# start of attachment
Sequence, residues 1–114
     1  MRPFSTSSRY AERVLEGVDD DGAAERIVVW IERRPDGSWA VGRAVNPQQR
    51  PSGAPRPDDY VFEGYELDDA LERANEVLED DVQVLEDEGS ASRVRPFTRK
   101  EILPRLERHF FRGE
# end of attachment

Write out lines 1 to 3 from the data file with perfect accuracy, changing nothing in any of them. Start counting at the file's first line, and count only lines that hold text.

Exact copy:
Sequence, residues 1–114
     1  MRPFSTSSRY AERVLEGVDD DGAAERIVVW IERRPDGSWA VGRAVNPQQR
    51  PSGAPRPDDY VFEGYELDDA LERANEVLED DVQVLEDEGS ASRVRPFTRK